College. Heading into college, I maintained equal interest in science and humanities. In fact, I’d scored exactly evenly on the SATs, which I’ve always found funny. I fully expected to major in English, but I still signed up for Intro to Biology, convinced by my mother because she said I was good at it and that I wanted to keep my options open. The Biology book was the biggest, heaviest book I owned. I think it cost close to $100, which was more than I’d ever paid for a book. I was at a small liberal arts college where one of the draws was small classes. My Biology class, however, had around 50 people in it. We sat in a lecture hall where the professor lectured on cell division and structure, drawing on the board and using overheads. I sat somewhere in the middle. When I went to read my first Biology assignment, I became completely frustrated. I could not really parse the book. It was written in English. There were words I understood, but when they were combined together, they suddenly made no sense. The lectures helped somewhat, but I was not inclined to listen. I wanted to talk or do something. Sitting for an hour and a half trying to make sense of something drove me crazy. I certainly didn’t feel comfortable raising my hand. I was a freshman; I didn’t know these people; and I certainly didn’t want to look stupid.
I held out hope for lab. Here’s where the action was. I’d been good at dissecting things, mating fruit flies, and identifying objects in a microscope. I showed up late for my first lab. Not that late, maybe 5 or 10 minutes, because I was lost. By the time I got there, everyone had partnered up, so I had no lab partner. The TA suggested I’d be fine on my own for this one and that we’d work something out next time. Our task for the day was to measure proteins in some oyster. First, we put the oyster in a mortar bowl and pounded it with a pestle to make it nearly liquid. As I began banging on my oyster, desperately looking around to make sure I was doing it right, I also began sneezing. I continued to sneeze every 10 minutes or so throughout the lab, the rest of which is a fog. I vaguely remember taking my oyster to be put in the centrifuge and I remember measuring things, but toward the end of the lab, I’d decided this was it, I was quitting.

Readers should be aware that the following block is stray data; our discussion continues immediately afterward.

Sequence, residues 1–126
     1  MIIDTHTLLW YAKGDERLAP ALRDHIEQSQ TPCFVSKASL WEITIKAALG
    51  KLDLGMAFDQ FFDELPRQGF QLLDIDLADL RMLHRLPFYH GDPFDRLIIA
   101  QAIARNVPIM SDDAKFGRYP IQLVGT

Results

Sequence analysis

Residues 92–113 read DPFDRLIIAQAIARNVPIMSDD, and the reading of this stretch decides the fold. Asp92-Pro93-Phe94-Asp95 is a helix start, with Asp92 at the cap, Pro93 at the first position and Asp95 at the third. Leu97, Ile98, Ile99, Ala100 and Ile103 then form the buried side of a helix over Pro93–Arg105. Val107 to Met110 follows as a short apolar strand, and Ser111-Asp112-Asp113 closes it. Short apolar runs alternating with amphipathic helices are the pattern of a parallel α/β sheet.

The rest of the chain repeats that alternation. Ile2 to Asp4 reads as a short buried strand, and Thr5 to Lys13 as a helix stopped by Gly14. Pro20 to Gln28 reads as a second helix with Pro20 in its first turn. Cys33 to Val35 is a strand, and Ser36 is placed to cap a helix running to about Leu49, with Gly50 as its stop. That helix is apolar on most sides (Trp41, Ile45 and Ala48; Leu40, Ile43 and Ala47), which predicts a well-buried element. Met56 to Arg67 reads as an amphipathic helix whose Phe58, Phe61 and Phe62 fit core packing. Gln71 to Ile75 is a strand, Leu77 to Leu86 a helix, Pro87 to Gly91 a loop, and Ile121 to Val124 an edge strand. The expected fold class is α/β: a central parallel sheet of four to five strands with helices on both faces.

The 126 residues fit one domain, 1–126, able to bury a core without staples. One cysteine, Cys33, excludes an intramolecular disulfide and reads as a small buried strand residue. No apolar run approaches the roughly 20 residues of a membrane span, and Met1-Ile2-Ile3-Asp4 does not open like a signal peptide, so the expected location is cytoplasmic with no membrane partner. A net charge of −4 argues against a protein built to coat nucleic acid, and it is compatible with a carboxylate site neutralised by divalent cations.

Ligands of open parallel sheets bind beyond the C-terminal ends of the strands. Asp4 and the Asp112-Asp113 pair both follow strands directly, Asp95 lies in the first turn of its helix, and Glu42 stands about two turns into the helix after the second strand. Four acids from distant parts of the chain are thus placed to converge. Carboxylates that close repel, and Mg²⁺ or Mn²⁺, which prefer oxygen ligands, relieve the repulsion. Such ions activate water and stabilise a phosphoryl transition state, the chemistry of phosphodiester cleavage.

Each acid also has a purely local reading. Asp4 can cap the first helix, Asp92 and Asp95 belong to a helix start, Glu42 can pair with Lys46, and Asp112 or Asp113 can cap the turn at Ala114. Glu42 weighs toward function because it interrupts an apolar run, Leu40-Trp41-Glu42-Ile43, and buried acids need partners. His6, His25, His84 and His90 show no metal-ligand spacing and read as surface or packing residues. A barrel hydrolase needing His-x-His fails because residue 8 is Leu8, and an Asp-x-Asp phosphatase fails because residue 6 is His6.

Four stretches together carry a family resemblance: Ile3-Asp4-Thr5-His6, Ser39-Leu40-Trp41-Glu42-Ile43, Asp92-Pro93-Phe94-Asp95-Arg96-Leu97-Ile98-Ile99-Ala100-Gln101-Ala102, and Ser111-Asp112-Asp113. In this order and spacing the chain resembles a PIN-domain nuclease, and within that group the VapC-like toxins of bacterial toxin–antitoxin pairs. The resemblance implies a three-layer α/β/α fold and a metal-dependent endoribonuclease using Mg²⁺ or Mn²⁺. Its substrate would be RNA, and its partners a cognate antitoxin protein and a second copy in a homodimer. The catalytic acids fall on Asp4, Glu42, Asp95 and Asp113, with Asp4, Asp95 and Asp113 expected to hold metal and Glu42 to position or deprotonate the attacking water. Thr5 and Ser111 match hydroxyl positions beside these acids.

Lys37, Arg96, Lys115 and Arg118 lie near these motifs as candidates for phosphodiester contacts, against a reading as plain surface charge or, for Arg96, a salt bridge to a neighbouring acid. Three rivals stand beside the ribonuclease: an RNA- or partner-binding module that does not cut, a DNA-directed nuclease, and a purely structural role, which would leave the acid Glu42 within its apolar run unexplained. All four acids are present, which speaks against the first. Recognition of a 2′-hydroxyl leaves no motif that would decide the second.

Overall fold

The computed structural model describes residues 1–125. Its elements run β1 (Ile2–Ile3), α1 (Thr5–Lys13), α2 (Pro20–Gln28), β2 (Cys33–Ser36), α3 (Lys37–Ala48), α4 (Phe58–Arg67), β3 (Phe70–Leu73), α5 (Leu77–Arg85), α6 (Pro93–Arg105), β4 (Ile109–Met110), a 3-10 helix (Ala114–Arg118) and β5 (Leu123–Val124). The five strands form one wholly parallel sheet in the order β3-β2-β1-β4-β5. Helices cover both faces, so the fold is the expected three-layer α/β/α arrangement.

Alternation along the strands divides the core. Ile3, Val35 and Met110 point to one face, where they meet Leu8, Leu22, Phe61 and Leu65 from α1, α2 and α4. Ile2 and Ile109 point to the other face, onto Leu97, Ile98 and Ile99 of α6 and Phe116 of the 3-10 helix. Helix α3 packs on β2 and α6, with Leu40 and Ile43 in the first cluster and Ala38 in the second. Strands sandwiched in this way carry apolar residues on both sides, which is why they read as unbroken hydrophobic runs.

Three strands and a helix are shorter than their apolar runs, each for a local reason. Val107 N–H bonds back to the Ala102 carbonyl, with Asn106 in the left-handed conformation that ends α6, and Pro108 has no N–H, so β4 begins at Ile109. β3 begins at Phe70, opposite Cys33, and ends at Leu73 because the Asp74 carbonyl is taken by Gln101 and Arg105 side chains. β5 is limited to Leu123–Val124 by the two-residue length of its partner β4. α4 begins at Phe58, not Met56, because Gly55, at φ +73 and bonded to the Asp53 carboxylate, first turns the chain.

After handing in my lab report, I walked down the hall to the professor’s office, explaining that I wanted to drop the class. I believe I had a few not so stellar quiz grades under my belt at this point as well as the horrid lab experience. He asked me what I was planning to major in. English, I said. What are you doing in Biology, then? I shrugged. My mother talked me into it, I said. He quickly filled out the appropriate form and handed it to me without really looking at me.